What is a User Story? I’m glad you asked!
First of all, it’s important to say that User Stories are not a part of Scrum as defined in the required practices in the Scrum Guide. User Stories are but one way to represent Product Backlog Items in Scrum, and while it is the most popular method used, it is not the only method. Still, though, I would like to remind you that the User Stories practice is totally independent of Scrum, and thus it is not defined by Scrum. As such, everything else in this post is about the User Story practice and not Scrum itself.
Beware the common misconception!
There is a common misconception in the industry that a User Story is a sentence like:
- As a <user> I want <some functionality> so that <some benefit is realized>.
THIS IS NOT A USER STORY!!! This is the biggest User Story trap in existence! See Trap#1 and #8 of my article on User Story Traps.
What is a User Story?
A user story describes functionality of a system that will be valuable to a Non Development Team(NDT) stakeholder of a system or software. User stories are composed of three aspects:
- a written description or short title of the story used as a token for planning and as a reminder to have conversations
- conversations about the story that serve to flesh out the details of the story
- acceptance tests that convey and document details and that can be used to determine when a story is complete
What do they mean by Acceptance Tests?
Typically, in the context of a User Story definition, we mean tests that are represented by conversations, textual descriptions, tables, diagrams, automated tests, and so forth. When these Acceptance Tests are applied to the completed, implemented User Story, all of the tests should pass, and will thus prove that the story has been implemented correctly. If some functionality was not covered in a User Story acceptance test, then it wasn’t a requirement for that particular User Story.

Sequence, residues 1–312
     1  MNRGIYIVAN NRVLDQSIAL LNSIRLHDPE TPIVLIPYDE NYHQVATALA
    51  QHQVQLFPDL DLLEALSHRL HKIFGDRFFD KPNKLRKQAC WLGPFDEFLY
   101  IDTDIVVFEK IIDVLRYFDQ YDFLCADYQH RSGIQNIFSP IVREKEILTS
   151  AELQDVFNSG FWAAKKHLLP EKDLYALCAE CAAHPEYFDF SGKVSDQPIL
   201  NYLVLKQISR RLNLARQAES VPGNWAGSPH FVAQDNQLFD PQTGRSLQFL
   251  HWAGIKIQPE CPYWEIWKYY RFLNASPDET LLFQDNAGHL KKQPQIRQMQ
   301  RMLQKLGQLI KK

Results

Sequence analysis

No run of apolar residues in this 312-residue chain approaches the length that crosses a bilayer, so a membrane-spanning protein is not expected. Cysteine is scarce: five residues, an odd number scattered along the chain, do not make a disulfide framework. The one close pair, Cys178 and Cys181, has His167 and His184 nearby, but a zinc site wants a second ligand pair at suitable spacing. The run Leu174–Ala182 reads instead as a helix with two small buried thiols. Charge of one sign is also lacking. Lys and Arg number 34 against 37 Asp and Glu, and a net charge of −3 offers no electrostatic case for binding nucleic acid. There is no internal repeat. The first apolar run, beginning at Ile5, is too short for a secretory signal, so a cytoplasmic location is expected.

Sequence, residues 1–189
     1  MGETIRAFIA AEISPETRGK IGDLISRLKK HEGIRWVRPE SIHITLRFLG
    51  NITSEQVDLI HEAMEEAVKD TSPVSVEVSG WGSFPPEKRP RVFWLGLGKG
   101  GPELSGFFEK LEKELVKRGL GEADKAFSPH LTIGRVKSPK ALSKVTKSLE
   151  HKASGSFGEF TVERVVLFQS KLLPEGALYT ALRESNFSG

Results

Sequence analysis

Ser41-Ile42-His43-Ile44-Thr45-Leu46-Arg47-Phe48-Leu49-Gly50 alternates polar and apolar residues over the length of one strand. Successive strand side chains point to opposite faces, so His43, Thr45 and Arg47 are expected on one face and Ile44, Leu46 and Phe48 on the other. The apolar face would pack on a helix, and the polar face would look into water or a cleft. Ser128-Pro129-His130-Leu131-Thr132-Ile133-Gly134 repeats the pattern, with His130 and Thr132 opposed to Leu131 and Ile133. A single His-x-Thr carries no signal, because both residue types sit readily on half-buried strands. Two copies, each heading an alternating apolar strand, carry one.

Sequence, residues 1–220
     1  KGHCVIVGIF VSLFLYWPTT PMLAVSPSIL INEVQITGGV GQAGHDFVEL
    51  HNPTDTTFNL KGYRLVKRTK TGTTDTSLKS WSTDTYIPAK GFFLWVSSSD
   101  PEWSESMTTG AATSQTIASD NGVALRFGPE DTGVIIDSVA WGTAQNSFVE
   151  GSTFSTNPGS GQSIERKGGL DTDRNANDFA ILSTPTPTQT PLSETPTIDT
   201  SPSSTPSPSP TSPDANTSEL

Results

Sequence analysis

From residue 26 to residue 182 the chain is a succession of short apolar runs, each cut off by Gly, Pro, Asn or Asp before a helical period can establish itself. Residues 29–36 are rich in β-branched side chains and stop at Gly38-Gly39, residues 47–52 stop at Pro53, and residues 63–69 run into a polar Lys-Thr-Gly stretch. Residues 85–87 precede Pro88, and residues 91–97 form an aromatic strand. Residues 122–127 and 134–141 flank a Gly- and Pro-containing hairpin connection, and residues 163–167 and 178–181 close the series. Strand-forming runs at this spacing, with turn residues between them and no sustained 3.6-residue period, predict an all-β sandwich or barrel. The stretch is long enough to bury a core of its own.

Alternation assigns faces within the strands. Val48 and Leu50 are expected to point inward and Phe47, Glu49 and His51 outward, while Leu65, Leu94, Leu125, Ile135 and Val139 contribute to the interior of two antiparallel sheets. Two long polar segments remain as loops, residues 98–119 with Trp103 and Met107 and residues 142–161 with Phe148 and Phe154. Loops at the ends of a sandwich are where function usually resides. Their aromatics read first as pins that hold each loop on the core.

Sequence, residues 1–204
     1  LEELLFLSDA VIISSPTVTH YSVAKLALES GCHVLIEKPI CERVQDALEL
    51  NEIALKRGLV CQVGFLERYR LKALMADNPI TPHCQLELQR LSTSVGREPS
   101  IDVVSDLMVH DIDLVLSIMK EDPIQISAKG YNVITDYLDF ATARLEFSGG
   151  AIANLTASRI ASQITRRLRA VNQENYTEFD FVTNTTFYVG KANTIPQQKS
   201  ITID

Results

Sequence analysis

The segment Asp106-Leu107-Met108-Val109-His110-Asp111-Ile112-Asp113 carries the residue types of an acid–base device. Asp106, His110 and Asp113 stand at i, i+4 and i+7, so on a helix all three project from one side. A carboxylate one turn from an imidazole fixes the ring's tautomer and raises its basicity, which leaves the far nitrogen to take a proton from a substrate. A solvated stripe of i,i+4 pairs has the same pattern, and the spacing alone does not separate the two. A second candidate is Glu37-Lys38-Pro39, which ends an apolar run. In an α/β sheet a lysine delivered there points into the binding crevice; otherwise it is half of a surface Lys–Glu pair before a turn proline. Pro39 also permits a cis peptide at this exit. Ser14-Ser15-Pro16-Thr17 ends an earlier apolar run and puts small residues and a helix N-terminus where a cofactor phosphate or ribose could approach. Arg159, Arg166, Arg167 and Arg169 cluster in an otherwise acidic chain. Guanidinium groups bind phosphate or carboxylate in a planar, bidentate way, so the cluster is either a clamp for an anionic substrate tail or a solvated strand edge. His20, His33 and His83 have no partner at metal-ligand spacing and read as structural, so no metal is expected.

Technically, in the context of a User Story definition, an acceptance test need not be automated or implemented. At the minimum, it should be described conceptually. The test should then be executed in order to prove the story and get acceptance, whether that be a manual or automated process. If your conceptual acceptance tests are described by one or more automated tests, then that is generally a much better practice, but not absolutely required.
Acceptance Tests should be automatable about 90+% of the time, though again, it is not required that they be automated. Having said all of that, when teams strive for development speed and quality, very few get far along that road without automating a large portion of their acceptance tests.
Acceptance Tests, in the context of User Stories, are also sometimes called Story Tests, Acceptance Criteria, Conditions of Satisfaction, and Test Confirmations.
Ron Jeffries, one of the co-inventors of User Stories and Extreme Programming (where the User Story practice comes from), has a good article that also describes User Stories in a basic way.
When do these Conversations and Acceptance Tests get created?
Typically, this happens in weekly Product Backlog grooming(also known as a Story Writing Workshop, Story Grooming, etc) sessions, but can also happen informally. The most effective backlog grooming includes some stakeholder/user representatives, the entire development team, and a Product Owner (Scrum) or Customer(XP). These sessions happen weekly and usually last 1-2 hours each. The goal of the sessions is to get stories that are “ready”, meaning the team has a shared understanding of the Acceptance Tests, and has the vast majority of the information they need to implement(code) the feature. See What does Product Backlog Grooming Look Like? for more on that topic. Keep in mind that sometimes a single User Story will be discussed in 2-3 grooming sessions before it is “ready”, especially if there are open questions or complex logic involved.
Frequently Asked Questions
Should I use a User Story to represent bugs/defects in a system?
The short answer is “it depends.” If it is a legacy or deferred bug, then yes, and it should end up on the Product Backlog(story points assigned). If it is a bug that was introduced since Scrum/Agile was put in place, then no, and it should end up on the Sprint Backlog(no story points assigned). See One way to handle Bugs and Production Support in Scrum for the longer answer.
Where do I get more info?
Filed under: Product Backlog, Product Backlog Grooming, Product Owner Tips, ScrumMaster Tips, Story Points, User Stories | 9 Comments »